Teaching Vocabulary at School

Posted on Dec 7 2016 - 4:28am by Zdenda

Vocabulary is much more important than grammar. If you know the meaning of the words you can understand a text even without knowing the grammar. If you listen to a recording and you know the vocabulary, you will understand the meaning of the message. If you watch a video and understand the words, you can enjoy the film. However, if you know just the grammar you will not understand much. Therefore, we should devote a lot of classroom time to teaching vocabulary.

Unfortunately, most of us don´t spend much time teaching vocabulary. Many teachers of English assign vocabulary as homework and students have to learn the words at home. It is not an entirely bad method. My research shows that 50% of students actually learn the vocabulary on their own. The bad news is that the other half of students don´t do it. They do not learn the vocabulary and after a while they are completely lost. That´s why I think that we should teach vocabulary at school.

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All the best experts on teaching vocabulary, like Paul Nation or Keith Folse, agree that the best way to teach foreign vocabulary is by using translation. It is the best way for our brain to remember the vocabulary. And in this post, I would like to share with you two methods I have been using to teach vocabulary in my classes. Both of the methods are very effective.

Teaching vocabulary – Remembering Tables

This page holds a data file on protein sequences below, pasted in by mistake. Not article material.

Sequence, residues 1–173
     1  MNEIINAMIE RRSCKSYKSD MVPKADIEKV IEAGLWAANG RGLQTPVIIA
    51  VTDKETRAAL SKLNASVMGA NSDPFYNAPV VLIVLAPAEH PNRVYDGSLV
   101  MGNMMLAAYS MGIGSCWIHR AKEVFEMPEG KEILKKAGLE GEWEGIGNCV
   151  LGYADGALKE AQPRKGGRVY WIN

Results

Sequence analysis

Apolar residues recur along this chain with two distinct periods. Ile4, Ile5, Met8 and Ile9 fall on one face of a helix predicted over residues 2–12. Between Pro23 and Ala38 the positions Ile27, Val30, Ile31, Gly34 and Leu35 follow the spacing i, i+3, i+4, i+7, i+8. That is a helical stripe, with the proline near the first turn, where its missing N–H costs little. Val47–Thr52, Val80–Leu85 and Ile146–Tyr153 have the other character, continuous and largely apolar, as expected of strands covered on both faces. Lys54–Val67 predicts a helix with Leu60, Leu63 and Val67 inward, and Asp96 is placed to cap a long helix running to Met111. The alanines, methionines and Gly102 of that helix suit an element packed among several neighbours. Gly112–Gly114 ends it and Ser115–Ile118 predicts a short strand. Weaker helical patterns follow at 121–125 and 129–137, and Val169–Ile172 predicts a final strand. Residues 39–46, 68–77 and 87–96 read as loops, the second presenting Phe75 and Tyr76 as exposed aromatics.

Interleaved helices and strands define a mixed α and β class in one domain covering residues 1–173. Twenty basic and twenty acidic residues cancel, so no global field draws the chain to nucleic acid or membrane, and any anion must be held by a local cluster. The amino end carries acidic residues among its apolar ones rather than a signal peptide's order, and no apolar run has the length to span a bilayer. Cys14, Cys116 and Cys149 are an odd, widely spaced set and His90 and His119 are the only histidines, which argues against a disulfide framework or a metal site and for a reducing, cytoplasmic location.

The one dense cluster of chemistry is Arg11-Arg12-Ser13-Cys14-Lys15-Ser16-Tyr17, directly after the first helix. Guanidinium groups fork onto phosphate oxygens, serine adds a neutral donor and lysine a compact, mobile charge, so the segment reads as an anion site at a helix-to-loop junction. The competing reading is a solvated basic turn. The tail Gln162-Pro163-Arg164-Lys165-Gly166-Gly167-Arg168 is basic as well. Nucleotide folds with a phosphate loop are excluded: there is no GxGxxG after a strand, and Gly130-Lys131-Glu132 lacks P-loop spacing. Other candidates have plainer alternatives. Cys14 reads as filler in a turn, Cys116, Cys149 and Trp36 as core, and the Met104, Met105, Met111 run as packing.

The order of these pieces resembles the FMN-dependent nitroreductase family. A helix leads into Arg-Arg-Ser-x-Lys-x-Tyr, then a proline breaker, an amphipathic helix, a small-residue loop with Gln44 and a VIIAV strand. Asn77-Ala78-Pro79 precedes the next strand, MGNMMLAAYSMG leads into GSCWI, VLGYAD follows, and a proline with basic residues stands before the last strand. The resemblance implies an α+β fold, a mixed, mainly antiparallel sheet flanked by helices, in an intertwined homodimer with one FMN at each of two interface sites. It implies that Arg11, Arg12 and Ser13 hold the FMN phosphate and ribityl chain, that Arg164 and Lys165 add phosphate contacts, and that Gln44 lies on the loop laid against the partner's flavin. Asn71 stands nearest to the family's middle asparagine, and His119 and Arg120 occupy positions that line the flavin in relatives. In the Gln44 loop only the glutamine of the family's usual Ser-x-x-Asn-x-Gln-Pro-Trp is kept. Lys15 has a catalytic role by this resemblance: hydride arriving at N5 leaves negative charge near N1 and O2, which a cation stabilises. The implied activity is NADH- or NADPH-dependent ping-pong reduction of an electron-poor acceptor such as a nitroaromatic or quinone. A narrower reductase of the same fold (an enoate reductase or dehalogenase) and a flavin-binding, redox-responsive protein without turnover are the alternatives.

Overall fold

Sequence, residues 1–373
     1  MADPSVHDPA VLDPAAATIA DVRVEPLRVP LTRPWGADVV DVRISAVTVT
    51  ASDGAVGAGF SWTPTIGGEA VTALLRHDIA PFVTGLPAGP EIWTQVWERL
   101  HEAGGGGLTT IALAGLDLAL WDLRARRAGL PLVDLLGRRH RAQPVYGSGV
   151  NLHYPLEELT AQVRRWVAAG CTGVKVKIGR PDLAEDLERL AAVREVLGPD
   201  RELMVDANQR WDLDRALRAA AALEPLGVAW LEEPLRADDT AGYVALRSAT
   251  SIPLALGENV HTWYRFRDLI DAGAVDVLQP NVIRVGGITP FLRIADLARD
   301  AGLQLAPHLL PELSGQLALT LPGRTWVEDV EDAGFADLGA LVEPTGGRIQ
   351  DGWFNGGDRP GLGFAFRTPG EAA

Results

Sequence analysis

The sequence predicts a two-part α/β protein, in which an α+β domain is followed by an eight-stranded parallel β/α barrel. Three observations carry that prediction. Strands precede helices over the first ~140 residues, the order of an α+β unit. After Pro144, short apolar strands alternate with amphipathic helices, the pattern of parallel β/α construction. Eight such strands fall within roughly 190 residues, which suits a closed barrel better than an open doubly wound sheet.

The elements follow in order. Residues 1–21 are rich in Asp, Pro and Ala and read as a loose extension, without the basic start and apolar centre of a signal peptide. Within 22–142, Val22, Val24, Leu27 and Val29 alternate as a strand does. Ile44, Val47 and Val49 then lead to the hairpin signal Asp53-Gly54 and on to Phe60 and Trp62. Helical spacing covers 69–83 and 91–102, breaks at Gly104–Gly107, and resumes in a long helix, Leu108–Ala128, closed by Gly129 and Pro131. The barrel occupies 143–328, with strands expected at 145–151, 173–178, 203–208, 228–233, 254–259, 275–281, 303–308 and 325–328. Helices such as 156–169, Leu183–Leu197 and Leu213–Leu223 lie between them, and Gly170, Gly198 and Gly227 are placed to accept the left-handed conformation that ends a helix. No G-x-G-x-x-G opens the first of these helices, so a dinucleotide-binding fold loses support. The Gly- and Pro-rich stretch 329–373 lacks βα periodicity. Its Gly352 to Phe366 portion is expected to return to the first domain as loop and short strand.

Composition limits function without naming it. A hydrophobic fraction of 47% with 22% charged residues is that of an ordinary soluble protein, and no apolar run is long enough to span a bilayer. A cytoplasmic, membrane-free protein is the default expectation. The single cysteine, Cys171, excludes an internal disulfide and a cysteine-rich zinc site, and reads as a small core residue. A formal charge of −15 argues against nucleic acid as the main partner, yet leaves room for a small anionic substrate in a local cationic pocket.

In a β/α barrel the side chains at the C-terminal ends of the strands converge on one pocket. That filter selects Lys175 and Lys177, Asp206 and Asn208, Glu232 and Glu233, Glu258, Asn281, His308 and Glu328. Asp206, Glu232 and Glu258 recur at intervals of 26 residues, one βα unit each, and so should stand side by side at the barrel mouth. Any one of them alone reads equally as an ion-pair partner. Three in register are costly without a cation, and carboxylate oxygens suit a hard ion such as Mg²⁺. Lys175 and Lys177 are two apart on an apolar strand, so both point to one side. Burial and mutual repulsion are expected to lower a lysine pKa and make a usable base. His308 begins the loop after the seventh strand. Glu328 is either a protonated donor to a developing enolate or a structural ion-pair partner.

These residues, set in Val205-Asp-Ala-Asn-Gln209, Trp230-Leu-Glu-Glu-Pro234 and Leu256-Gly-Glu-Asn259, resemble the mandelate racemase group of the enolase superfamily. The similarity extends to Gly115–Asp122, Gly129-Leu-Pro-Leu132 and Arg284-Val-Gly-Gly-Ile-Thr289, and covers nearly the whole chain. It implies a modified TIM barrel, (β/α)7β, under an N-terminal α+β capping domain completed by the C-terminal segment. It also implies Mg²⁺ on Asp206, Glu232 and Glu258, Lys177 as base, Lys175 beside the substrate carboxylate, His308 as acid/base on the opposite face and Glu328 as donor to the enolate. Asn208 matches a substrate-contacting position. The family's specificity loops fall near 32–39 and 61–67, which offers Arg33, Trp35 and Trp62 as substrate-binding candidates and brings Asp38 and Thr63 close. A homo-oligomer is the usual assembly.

In my article in the magazine English Teaching professional (issue 105), I share with the readers the Remembering Tables method of teaching vocabulary. To do this in your class you need to prepare tables similar to the following:

In the tables on the left, the words are given in both English (in bold letter) and in MT (in this case in Czech). On the right, the tables contain only the Czech words.

At the beginning, read the words in the first table and ask the students to repeat them. Then give the students 20 seconds to study and memorise the words. After this time, they should cover the table and write the words into the table on the right. When they have finished, they uncover the table and check their answers. You go on like this with the rest of the tables, giving the students 30, 40 and 45 seconds respectively.

It is a great classroom activity, but the preparation is a nightmare. To simplify it, I asked a friend to make a word macro which would do all the work for me. And here is the result:

Remembering tables Macro

Download the file. Then create a text file which contains 16 lines – use Notepad for this. On each line there is the word in English the plus sign and the word in the students’ mother tongue (e.g. work+pracovat). Save the file. Then open the downloaded macro. It asks you to Select Text File Containing Words. Click SELECT and choose the txt file you have created. And bingo, your tables are finished and you just print them.

Teaching vocabulary – vocabulary books

I teach a group consisting of challenged children. Some of them live in bad conditions, some of them have really low IQ and some have behavioral problems. They are fine, but their test results are appalling. But this week I experienced a great teaching success. These students remembered over 80% of the words I taught them. While previously they scored about 50% on average, this time they were nearly twice as successful.

How did we achieve this? I prepared the following vocabulary books for them.

I printed this as a brochure and then I made small books out of it. I handed them out and I asked the students to complete the tables in their free time during my lessons. In the tables with the free lines, students should copy the English words twice and the Czech translation once.

In the other tables, students have to translate the words. If the word is in English, they translate it into their MT and if the word is in their MT they translate it into English (this is 3 times as frequent as the former translation).

The preparation took some time, but the results were fantastic. Try it out and you will see for yourself.

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